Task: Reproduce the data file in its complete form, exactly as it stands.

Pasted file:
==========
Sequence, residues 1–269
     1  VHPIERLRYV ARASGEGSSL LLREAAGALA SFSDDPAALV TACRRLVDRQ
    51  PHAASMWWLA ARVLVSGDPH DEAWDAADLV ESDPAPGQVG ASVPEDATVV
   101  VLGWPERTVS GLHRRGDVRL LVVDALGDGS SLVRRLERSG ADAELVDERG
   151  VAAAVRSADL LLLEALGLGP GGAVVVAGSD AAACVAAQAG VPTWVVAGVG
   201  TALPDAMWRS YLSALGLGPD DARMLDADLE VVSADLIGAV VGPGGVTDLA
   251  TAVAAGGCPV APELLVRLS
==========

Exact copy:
Sequence, residues 1–269
     1  VHPIERLRYV ARASGEGSSL LLREAAGALA SFSDDPAALV TACRRLVDRQ
    51  PHAASMWWLA ARVLVSGDPH DEAWDAADLV ESDPAPGQVG ASVPEDATVV
   101  VLGWPERTVS GLHRRGDVRL LVVDALGDGS SLVRRLERSG ADAELVDERG
   151  VAAAVRSADL LLLEALGLGP GGAVVVAGSD AAACVAAQAG VPTWVVAGVG
   201  TALPDAMWRS YLSALGLGPD DARMLDADLE VVSADLIGAV VGPGGVTDLA
   251  TAVAAGGCPV APELLVRLS